Ok, so it's really very wrong to equate getting an editorial letter to a world war, but on the most minute, warped, internal scale--especially to a debut author--it might not be that far off the mark.
You're going to open your inbox and be super excited that your awesome editor is actually writing to YOU! With even more awesome notes that is going to turn your humble little novel into a fantastic work of art! The world won't know how to handle the sheer level of your utter brilliance!
Of course, then you actually open said edit letter, and um, yeah, you might just panic. A little bit. Or, maybe, even a lot.
First off, this reaction is absolutely normal. You're being asked to make changes to something you've worked on for months, if not years. It's going to hurt, and it's more than likely going to be hard. At this first editorial pass, these changes might be major. We're talking theme, character overhauls, maybe getting rid of a character. Fitting in backstory, taking out backstory. Plot holes. Jiggling timelines. You know...pretty much your whole book (or so it feels like). Then there's still line edits and copy edits, the ones that deal with all the minor glitches like plot consistency, word choice, sentence structure--but this is a different kind of editing altogether, and comes later.
So have your moment (Now Panic and Freak Out)--eat a truckload of chocolate, have a good cry into your (hopefully very caffeinated) drink of choice--and then let it go.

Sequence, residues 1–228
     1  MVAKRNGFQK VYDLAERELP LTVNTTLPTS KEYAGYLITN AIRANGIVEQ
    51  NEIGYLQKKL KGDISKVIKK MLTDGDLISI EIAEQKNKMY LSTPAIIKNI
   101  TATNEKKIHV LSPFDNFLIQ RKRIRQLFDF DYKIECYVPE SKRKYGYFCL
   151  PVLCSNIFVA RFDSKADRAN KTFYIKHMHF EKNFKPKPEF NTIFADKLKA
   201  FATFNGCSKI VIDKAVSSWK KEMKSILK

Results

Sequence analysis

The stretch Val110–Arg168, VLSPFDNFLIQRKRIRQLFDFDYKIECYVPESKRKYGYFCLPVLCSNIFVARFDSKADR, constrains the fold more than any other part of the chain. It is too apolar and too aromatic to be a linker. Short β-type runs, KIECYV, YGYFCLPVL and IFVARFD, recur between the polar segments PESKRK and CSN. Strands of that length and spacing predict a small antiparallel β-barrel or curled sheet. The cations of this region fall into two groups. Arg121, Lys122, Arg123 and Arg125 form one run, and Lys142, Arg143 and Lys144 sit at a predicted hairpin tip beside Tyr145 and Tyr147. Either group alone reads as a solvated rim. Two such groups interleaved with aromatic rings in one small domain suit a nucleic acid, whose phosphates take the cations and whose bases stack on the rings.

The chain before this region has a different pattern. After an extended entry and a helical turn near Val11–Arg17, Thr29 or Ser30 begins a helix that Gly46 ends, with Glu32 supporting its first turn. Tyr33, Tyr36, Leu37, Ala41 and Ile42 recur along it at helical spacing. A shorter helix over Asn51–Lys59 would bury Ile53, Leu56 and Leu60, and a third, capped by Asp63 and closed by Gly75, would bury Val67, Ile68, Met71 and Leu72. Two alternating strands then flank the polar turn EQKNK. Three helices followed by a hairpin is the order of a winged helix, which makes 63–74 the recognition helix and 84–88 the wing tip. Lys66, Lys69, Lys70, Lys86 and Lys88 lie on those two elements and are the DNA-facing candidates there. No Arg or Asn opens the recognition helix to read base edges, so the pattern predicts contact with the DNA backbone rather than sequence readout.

Because you can do this.
You've already written an entire novel, one so good it made an actual publishing house give you money for the right to print it. That a real live editor wants to spend their time working with you. That in itself is an incredible accomplishment. So just think of these edits as tweaks, refining what's already there, like shaving off the fat to get to the good stuff. And when it's 3 am in the morning and you've only done half of what you meant to get done yesterday and you've got to get up in less than four hours...keep calm and carry on (meaning go to sleep already, it'll still be there in the morning).
Your editor already really, really loves your book. They only want to make it better, the best it can be. And with edit notes, they are giving you an opportunity to see your novel in a new light. How and where things can be improved, tightened, made absolutely amazing.
Your book's going to rock.